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Auditory processing disorder (APD)
View original article on NHS Choices
Auditory processing disorder (APD) is where you have difficulty understanding sounds, including spoken words. There are things you can do that can help.
Symptoms of auditory processing disorder (APD)
APD often starts in childhood but some people develop it later.
If you or your child have APD, you may find it difficult to understand:
- people speaking in noisy places
- people with strong accents or fast talkers
- similar sounding words
- spoken instructions
APD is not a hearing problem. People with the condition usually have normal hearing.
See a GP if:
- you or your child find it hard to hear or understand speech
The GP may refer you to a hearing specialist.
Tests for auditory processing disorder (APD)
To test for APD you may be asked to:
- listen to speech with background noise
- spot small changes in sounds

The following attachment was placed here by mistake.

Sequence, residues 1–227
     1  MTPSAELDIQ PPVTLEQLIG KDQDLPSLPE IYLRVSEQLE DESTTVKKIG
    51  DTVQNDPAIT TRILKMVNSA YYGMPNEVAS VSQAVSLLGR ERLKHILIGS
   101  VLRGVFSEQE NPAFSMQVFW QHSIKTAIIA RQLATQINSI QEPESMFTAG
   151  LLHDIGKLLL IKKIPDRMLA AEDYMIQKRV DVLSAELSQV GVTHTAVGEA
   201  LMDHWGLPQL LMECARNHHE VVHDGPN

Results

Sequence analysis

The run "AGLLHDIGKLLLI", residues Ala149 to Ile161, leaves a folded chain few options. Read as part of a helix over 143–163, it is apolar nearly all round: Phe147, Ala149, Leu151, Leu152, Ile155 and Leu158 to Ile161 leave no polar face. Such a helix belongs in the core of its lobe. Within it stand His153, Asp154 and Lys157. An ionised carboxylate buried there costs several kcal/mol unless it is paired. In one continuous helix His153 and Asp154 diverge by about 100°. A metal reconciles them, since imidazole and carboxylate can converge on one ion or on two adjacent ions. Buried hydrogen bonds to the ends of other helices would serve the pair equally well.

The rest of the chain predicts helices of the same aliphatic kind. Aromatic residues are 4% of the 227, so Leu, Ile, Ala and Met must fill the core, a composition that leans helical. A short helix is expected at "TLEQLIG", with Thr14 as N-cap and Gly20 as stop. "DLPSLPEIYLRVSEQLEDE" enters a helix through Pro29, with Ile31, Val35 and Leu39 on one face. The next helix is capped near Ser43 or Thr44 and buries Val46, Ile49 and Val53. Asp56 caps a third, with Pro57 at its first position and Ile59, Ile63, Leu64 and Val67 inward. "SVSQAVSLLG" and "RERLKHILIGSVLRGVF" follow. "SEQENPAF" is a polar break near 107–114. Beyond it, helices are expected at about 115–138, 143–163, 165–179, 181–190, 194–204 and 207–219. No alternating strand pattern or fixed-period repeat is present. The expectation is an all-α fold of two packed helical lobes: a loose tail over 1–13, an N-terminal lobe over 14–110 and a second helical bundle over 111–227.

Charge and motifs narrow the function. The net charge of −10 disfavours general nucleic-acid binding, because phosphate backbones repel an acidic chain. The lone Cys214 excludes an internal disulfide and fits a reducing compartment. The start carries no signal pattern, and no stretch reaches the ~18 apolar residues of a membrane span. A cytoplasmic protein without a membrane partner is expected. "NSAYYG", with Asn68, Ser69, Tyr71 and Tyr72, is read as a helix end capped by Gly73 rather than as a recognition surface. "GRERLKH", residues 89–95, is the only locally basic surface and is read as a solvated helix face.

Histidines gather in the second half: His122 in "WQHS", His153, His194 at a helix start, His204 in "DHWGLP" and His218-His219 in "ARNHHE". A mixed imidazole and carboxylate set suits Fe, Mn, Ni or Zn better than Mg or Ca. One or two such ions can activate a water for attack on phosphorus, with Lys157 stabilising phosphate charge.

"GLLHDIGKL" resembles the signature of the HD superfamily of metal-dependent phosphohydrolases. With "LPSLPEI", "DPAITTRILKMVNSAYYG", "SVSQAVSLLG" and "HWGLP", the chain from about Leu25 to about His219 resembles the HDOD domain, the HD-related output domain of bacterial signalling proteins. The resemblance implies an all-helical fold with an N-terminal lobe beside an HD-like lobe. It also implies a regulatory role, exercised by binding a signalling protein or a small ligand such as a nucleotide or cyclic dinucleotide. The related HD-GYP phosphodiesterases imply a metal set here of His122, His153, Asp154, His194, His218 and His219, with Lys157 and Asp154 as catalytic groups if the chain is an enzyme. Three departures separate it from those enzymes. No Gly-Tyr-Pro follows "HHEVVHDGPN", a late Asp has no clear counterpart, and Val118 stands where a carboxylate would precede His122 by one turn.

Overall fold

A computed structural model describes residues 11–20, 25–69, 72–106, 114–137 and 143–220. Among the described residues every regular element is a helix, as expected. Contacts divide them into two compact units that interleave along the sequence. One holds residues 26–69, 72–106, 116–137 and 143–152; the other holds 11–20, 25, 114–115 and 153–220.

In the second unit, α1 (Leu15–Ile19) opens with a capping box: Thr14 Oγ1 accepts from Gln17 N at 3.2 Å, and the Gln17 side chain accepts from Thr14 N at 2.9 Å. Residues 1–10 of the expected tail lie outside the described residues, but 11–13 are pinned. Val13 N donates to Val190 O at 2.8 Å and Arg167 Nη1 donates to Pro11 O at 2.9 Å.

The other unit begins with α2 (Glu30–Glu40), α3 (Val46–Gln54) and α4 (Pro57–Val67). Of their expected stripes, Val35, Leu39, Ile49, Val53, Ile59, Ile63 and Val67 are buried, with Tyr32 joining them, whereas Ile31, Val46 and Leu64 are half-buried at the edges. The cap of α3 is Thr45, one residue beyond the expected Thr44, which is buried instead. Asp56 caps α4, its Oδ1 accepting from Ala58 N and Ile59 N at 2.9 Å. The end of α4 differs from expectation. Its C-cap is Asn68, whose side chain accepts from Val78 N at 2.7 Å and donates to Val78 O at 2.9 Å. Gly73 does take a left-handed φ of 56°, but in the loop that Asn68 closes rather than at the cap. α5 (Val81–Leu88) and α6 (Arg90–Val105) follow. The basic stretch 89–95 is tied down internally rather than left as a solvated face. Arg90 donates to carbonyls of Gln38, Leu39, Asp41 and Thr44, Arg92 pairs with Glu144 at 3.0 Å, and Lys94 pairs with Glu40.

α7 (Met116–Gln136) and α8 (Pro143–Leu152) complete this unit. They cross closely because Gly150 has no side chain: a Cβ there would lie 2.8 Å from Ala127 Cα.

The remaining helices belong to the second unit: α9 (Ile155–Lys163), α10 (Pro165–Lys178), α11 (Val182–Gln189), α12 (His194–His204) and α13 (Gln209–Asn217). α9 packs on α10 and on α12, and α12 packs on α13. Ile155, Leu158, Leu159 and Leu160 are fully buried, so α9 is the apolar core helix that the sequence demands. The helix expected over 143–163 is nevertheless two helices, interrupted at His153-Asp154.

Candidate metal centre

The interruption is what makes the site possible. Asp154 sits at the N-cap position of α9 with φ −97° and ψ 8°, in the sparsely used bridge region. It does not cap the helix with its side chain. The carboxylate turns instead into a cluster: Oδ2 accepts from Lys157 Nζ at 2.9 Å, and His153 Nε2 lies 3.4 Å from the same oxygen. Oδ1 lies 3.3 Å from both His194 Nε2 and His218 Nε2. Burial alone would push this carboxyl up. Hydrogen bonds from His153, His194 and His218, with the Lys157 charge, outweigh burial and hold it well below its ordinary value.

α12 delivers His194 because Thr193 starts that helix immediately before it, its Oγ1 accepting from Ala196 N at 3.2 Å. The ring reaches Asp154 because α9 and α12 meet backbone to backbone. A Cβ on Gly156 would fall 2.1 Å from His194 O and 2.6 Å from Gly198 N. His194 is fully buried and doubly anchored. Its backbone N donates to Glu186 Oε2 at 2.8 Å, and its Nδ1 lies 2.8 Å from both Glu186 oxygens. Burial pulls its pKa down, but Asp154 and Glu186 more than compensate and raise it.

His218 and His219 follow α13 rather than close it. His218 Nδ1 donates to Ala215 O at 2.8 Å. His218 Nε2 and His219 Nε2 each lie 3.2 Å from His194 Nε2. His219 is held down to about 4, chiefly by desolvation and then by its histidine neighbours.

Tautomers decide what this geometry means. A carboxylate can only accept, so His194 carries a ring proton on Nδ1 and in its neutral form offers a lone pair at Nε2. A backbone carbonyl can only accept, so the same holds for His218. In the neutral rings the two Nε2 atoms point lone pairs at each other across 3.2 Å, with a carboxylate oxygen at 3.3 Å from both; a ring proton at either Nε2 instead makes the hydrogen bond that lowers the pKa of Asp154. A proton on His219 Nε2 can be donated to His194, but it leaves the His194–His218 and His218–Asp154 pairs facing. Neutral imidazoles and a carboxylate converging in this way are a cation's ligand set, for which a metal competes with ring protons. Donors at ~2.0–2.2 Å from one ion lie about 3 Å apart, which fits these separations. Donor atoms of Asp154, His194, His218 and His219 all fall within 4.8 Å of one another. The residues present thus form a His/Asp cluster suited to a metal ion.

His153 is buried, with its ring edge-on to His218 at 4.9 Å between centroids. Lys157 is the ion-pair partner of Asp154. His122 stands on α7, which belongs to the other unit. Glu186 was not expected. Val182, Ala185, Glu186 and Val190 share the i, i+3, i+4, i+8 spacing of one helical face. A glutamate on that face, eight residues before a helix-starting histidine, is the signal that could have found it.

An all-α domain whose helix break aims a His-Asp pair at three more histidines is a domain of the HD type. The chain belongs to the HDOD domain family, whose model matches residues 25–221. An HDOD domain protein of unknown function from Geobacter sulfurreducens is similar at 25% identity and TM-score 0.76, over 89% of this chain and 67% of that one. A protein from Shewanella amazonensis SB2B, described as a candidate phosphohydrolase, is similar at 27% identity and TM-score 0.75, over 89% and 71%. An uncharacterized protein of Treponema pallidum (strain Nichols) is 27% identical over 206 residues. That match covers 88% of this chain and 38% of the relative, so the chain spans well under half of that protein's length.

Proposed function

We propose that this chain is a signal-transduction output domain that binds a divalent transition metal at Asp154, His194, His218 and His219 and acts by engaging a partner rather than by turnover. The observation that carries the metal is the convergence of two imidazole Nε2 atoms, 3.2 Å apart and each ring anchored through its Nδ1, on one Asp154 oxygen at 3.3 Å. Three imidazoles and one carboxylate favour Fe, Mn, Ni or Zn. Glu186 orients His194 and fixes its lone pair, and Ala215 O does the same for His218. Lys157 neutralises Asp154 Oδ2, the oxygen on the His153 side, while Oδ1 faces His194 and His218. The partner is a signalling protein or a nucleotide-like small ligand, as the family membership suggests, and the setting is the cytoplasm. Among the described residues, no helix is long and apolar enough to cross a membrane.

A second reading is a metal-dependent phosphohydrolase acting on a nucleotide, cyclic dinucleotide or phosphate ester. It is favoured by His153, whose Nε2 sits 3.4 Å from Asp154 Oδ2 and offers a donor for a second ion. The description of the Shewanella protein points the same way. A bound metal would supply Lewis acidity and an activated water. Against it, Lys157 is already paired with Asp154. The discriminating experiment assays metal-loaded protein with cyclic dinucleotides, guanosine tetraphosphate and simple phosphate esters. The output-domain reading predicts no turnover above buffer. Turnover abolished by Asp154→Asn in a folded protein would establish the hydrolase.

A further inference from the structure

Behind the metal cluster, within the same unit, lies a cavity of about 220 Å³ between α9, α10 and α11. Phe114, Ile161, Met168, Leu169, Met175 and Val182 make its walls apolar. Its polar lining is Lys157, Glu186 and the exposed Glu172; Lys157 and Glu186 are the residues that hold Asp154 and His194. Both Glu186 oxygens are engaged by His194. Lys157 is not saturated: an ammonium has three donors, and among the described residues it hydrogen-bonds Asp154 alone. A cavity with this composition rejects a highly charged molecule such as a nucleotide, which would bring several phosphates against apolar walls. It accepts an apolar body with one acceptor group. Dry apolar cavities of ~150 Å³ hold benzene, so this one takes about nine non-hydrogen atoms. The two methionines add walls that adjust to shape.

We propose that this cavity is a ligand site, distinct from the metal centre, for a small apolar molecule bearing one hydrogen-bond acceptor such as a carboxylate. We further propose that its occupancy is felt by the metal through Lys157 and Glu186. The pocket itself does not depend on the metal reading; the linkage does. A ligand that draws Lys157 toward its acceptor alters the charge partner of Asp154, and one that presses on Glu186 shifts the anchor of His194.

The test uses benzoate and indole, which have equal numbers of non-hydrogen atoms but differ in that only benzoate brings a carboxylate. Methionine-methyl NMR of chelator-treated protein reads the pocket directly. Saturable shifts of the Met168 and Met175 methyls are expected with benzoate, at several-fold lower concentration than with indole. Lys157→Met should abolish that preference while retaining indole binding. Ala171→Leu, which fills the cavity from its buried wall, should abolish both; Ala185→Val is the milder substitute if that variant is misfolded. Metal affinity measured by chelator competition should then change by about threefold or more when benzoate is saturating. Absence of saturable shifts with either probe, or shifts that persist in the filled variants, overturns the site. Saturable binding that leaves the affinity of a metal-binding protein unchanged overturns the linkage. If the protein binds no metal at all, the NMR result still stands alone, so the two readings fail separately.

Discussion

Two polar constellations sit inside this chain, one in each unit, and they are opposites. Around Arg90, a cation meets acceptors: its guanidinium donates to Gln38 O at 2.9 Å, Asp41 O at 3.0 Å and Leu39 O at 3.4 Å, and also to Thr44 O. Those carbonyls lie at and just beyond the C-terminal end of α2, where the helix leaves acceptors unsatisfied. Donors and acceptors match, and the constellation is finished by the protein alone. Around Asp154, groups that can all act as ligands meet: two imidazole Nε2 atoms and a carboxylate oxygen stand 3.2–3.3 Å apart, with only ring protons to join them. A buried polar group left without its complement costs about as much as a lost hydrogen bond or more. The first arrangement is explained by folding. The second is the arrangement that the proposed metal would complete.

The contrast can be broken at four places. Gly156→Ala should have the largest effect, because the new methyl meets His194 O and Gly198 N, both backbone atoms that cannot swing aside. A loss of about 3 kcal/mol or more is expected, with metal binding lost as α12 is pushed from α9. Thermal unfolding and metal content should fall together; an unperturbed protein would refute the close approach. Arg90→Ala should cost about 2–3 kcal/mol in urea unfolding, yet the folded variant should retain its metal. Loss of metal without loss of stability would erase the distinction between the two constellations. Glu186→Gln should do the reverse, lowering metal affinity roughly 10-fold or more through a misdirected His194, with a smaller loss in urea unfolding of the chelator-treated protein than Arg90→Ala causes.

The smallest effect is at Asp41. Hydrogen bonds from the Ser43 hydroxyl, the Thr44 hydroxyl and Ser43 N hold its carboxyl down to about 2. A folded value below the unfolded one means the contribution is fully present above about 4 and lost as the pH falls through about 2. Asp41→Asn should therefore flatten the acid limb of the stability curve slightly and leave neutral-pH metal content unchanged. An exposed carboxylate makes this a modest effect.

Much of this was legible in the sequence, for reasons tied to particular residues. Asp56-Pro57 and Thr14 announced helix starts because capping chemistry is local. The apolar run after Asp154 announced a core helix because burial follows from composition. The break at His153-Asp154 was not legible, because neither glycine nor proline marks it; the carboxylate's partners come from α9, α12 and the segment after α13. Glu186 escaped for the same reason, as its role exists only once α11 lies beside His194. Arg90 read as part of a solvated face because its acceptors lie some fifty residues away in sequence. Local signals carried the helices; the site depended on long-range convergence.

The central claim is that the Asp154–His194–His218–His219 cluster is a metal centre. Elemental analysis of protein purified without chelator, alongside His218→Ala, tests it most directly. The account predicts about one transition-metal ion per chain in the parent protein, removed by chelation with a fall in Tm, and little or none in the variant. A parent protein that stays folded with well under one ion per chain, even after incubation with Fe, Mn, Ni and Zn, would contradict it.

- fill in missing parts of words
Other tests may include:
- having electrodes on your head to measure how your brain reacts to sound
- speech and language tests
- memory, problem-solving and concentration tests
Testing for APD is not usually done on children under 7 years old.
Treating auditory processing disorder (APD)
There is no cure for APD but there are things that can help.
Treatment usually involves activities to improve listening and concentration. This is called auditory training. You can do it with a hearing specialist or in your own time online.
To reduce background noise, school children with APD may be advised to wear a wireless earpiece that connects to a tiny microphone worn by their teacher.
There are things that you and other people can do to help with your APD.
Causes of auditory processing disorder (APD)
It's not always clear what causes APD.
Possible causes include:
APD is often found in people with attention, language and learning difficulties, such as dyslexia and ADHD.